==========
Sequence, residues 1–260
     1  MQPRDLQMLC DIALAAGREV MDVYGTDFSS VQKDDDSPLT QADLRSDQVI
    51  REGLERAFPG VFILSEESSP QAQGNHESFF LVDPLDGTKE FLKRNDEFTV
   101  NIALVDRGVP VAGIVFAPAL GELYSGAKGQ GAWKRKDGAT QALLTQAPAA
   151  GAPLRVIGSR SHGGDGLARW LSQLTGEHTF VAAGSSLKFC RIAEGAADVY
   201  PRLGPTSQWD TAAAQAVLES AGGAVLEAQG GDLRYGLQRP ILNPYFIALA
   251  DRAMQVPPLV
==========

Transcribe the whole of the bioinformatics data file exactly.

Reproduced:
Sequence, residues 1–260
     1  MQPRDLQMLC DIALAAGREV MDVYGTDFSS VQKDDDSPLT QADLRSDQVI
    51  REGLERAFPG VFILSEESSP QAQGNHESFF LVDPLDGTKE FLKRNDEFTV
   101  NIALVDRGVP VAGIVFAPAL GELYSGAKGQ GAWKRKDGAT QALLTQAPAA
   151  GAPLRVIGSR SHGGDGLARW LSQLTGEHTF VAAGSSLKFC RIAEGAADVY
   201  PRLGPTSQWD TAAAQAVLES AGGAVLEAQG GDLRYGLQRP ILNPYFIALA
   251  DRAMQVPPLV